To see those sorts of things, employers need something more akin to a camera, located right on the PC used by the employee, rather than a listening device (so to speak) like eSniff that sits on the network.

A good example of such a client-based product is WinWhatWhere Investigator. This product records the names of programs you run, the titles of the windows that are open on your computer, and -- most significantly -- the keystrokes that you type, including ones that you subsequently delete. (For sample "screen shots," see "Examples from Investigator Reports"

For example, while WinWhatWhere Investigator was running on my PC, I wrote an email to a friend that contained the text, "I think I have herpes" (this text comes from a recent advertisement for SafeWeb, an anonymizing product which promises to protect employees from monitoring by "anyone -- including your boss"). I then deleted the line, and typed, "I'm fine." Then I decided not to send the message, after all.

WinWhatWhere's report showed the following: "I think i have herpes. I'm fine." In other words, my ephemeral thoughts have now been permanently recorded (this fixing of "deleted" contents may raise some interesting intellectual property issues). The report also showed: "Message has not been sent." It also showed the nickname (but not the actual email address) of the aborted email's intended recipient. (On the preservation of ostensibly "deleted" material, see the following thought-provoking article by a federal judge in Minnesota: James M. Rosenbaum, "In Defense of the DELETE Key", Green Bag, Summer 2000; though also see "Billg's dream? Honey, I disappeared the emails...", The Register, 1 June 2001.)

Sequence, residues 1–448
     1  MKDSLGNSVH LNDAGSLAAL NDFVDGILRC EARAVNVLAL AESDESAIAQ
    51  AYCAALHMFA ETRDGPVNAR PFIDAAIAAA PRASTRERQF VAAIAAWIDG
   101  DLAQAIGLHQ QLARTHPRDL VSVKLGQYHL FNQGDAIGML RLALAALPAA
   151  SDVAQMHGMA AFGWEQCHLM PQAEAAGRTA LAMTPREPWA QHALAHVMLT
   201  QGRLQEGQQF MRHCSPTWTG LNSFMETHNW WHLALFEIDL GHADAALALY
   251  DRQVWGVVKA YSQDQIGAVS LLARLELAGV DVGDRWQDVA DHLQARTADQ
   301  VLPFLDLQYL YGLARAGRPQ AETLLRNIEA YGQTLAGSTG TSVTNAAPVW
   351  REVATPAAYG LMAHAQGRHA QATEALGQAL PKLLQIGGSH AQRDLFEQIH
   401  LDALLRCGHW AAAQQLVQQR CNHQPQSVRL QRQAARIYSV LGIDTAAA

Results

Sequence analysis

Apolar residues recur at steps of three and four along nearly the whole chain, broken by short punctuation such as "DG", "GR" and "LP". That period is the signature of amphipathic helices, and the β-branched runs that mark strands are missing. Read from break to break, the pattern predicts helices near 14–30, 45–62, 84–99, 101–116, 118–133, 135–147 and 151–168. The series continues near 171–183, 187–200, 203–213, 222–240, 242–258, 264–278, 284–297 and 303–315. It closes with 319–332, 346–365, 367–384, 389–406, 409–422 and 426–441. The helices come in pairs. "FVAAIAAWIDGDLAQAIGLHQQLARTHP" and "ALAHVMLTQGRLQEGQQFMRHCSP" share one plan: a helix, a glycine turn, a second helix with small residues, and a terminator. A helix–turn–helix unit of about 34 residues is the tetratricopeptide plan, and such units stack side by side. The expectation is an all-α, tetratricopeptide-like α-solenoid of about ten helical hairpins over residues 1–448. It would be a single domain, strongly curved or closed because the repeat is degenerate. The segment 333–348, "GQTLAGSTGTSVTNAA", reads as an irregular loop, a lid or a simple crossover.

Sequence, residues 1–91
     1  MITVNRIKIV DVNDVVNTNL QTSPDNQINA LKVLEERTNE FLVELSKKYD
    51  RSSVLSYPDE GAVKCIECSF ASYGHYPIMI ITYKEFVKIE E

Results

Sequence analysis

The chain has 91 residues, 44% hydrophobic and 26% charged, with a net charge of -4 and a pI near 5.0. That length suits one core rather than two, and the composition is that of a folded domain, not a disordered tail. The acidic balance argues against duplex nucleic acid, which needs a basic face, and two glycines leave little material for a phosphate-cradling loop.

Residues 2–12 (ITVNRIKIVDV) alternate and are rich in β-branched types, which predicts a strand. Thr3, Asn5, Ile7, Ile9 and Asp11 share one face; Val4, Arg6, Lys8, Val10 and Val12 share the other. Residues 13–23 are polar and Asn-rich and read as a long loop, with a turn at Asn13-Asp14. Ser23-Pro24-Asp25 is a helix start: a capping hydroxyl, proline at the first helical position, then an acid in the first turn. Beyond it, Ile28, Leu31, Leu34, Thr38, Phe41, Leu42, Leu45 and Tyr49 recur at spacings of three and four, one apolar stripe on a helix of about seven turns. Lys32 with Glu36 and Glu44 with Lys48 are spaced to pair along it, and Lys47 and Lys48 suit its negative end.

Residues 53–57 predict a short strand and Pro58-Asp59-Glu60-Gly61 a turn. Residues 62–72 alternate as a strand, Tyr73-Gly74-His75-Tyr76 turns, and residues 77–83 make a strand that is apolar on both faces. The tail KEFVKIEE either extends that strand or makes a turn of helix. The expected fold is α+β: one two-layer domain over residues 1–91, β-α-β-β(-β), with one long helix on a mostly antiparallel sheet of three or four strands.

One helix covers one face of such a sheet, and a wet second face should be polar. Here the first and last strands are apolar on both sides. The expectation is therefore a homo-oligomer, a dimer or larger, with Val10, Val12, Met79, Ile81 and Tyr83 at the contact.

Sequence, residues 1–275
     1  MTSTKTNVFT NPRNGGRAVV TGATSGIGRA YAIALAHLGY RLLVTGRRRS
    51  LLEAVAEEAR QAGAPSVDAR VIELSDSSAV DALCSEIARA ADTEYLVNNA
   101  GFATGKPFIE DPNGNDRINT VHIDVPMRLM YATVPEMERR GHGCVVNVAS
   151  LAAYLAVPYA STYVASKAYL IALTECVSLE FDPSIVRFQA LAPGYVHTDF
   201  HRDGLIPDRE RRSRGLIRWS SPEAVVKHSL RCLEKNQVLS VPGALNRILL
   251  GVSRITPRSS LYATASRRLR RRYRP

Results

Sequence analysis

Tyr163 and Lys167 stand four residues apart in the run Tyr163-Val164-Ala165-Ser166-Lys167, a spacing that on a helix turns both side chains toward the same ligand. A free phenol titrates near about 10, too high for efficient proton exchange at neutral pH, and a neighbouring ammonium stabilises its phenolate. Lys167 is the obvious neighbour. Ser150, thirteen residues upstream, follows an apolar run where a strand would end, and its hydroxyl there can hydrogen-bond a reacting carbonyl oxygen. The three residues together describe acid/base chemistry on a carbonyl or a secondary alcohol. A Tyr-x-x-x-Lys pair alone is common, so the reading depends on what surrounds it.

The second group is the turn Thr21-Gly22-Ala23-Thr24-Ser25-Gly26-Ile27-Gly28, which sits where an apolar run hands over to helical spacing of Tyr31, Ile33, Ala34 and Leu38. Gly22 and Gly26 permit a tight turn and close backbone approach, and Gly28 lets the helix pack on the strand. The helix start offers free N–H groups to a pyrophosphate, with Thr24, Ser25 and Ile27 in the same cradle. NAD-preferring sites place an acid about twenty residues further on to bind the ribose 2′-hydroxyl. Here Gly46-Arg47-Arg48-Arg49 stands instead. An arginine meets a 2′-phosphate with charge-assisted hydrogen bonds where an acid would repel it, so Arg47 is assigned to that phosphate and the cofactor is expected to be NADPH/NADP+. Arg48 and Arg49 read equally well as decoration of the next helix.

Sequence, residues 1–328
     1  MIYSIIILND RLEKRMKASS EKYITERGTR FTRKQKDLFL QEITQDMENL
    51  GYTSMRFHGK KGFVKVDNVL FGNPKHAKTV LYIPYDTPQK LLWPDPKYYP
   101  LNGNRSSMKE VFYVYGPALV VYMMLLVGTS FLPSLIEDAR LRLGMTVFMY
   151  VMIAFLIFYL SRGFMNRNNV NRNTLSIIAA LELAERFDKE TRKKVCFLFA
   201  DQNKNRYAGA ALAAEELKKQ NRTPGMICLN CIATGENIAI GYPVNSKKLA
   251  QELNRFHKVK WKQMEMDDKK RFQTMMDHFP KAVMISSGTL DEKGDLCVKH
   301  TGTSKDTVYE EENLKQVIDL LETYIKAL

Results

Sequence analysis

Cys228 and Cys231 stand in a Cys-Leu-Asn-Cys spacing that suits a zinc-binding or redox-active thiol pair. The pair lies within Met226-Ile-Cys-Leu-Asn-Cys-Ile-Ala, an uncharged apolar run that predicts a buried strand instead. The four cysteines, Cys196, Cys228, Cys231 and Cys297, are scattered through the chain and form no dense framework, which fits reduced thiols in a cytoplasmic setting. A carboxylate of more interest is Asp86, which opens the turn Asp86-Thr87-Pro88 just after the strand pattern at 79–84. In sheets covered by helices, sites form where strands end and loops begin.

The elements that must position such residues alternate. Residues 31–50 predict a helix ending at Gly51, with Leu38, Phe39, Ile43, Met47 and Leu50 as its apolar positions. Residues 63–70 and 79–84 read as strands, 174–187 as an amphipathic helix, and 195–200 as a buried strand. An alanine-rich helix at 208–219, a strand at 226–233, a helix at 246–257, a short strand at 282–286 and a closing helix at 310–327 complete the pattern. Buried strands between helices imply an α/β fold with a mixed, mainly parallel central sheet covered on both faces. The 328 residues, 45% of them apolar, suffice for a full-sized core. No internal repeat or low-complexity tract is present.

I've also seen WinWhatWhere record personal information (such as passwords) that I've entered onto "secure" web pages, encrypted with https://, such as the customer information page at Even if the employee uses the SafeWeb anonymizing service, WinWhatWhere can still capture keystrokes and window titles (which often describe web sites visited).

Even WinWhatWhere's author, Richard Eaton, says, "A lot of things this program does cause me great consternation." According to Internet Week ("Keystroke Logging Software Spies on Chats, IMs," 7 November 2000), "Eaton is having second thoughts about a feature that can sweep up passwords. 'If you tab across a password field, it picks all that up,' he said. 'I haven't decided if that is good or bad'." He's referring to WinWhatWhere's ability to go into a form on a web page, and pick up the contents of text fields that already contain information -- such as a password dialog box which already contains the user's saved password.

On the other hand, WinWhatWhere does not appear to detect the typing of a passphrase in the Windows version of PGP (Pretty Good Privacy) encryption software; PGP uses Windows "console" input which, like DOS input, is missed by client-based monitors due to the technique they happen to use to "hook" the keyboard (for what it's worth, a more compulsive monitor would use a low-level "virtual device driver" rather than employing the higher-level SetWindowsHook() API).